Having a child, grandchild, or other potential beneficiary with a disability (often referred to as having “special needs”) makes estate planning more difficult. Proper planning of your will, trust, and beneficiary designations is complicated when you want to protect and provide for an heir with special needs.

With wise advance planning you can provide for all of your family members without jeopardizing a special needs individual’s current (or potential) eligibility for important government benefits such as Supplemental Security Income (“SSI”) and Medicaid. These “needs based” government programs can provide substantial support for your special needs beneficiary but only if you set things up so that the beneficiary will be able to meet the programs’ financial standards.

The rules are complicated and it’s easy to make a mistake. Here are some of common mistakes to avoid when planning for a special needs beneficiary:

(1) Making an inheritance directly payable to the special needs individual from your will, trust, insurance policy, annuity, or retirement plan. The direct receipt of an inheritance will likely make the beneficiary ineligible for continued SSI and Medicaid benefits.

(2) Disinheriting the special needs person entirely and leaving an already vulnerable beneficiary even more dependent upon the uncertain future generosity of the government.

(3) Leaving property to another family member with an “understanding” that they will use the funds to take care of the special needs individual. This plan is fraught with danger and complexity. What if the other family member dies, runs into medical or financial or marital difficulty, or becomes estranged from the special needs person?

(4) Establishing a “support trust” for the special needs beneficiary. The assets in a support trust may have to be spent down before needed public benefits become available.

There are much better ways to plan. The most common estate planning tool is the “Special Needs Trust” which can be created to take effect either during your lifetime or upon your death.

The term “special needs trust” refers to a trust whose funds are deemed to be “unavailable” for purposes of means-tested public benefit programs like SSI and Medicaid. This type of trust is designed to complement rather than replace public benefit supports that are available to the beneficiary.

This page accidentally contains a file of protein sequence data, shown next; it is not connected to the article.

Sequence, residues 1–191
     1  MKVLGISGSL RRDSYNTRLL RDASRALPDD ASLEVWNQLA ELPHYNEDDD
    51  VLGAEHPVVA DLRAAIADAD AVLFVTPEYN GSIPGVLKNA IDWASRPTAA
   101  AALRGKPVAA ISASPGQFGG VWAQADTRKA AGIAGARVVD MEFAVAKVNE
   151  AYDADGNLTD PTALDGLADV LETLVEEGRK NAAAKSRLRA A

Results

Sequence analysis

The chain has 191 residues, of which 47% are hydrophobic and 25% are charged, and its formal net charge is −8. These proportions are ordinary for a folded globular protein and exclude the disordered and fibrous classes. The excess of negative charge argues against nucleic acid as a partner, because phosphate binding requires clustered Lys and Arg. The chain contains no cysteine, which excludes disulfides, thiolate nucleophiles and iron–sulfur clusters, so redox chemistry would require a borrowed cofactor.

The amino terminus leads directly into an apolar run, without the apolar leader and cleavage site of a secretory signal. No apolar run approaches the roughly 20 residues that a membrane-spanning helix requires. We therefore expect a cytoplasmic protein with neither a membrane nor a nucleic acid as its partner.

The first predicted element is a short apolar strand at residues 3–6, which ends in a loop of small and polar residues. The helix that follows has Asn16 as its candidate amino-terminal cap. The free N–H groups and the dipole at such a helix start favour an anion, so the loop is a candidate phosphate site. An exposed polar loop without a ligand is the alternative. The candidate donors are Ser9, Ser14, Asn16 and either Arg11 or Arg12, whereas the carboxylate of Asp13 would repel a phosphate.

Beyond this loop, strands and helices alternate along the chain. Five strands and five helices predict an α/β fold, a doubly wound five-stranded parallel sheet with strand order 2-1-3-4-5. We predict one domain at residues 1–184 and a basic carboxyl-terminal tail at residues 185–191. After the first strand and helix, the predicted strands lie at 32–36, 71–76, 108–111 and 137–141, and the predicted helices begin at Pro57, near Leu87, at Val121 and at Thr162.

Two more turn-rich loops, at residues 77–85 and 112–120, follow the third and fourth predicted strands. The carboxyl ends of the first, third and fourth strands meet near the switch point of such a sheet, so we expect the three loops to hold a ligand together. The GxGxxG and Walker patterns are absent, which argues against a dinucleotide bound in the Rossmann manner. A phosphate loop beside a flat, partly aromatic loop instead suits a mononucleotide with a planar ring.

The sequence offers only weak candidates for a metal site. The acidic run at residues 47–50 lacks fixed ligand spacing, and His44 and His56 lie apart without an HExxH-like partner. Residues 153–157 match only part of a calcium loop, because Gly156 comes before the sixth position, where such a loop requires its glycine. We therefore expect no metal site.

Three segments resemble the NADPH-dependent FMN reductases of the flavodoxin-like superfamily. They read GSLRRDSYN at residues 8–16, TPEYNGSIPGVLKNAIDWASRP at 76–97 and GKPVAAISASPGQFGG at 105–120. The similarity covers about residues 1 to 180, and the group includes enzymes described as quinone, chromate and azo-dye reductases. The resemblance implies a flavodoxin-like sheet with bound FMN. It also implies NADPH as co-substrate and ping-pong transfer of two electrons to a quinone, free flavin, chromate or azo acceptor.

There are different varieties of special needs trust.

As a parent or grandparent you can set up a “third-party trust” or “discretionary special needs trusts,” which are created by someone other than the public benefit beneficiary. Since these trusts were not created by the individual seeking benefits, many harsh Medicaid program limitations do not apply. This type of trust is frequently a testamentary (created by Will) trust to provide for a disabled child or other beneficiary of the deceased’s estate.

Self-funded special needs trusts (also known as payback trusts) are created under federal Medicaid law. These trusts are created from the funds of the disabled beneficiary and require payback to the state for the Medical Assistance benefits it paid out.

Another option is to use a pooled trust which can be funded by third parties or from the assets of the disabled beneficiary. It is managed by a nonprofit trustee. At the death of the disabled beneficiary, the residue is retained by the pooled trust to use for other disabled persons. Even small inheritance amounts can be accepted by a pooled trust.

A Special Needs Trust can provide for the beneficiary’s continuing eligibility for government benefits, protect the inheritance from claims for government reimbursement, and protect the inheritance from loss to third parties, including siblings, grandparents, aunts, uncles and friends who may have the best of intentions.

Your special needs trust should be carefully drafted by a lawyer who is familiar with this area of law. A wrong word can make all the difference between creating a fund that will enhance the beneficiary’s life by supplementing public benefits, and a fund that will quickly be exhausted replacing those government benefits.

In Pennsylvania, Marshall, Parker and Weber has the experience needed to help your family plan to protect your special needs child or grandchild. Give us a call if you would like to talk about how to best meet your goals.


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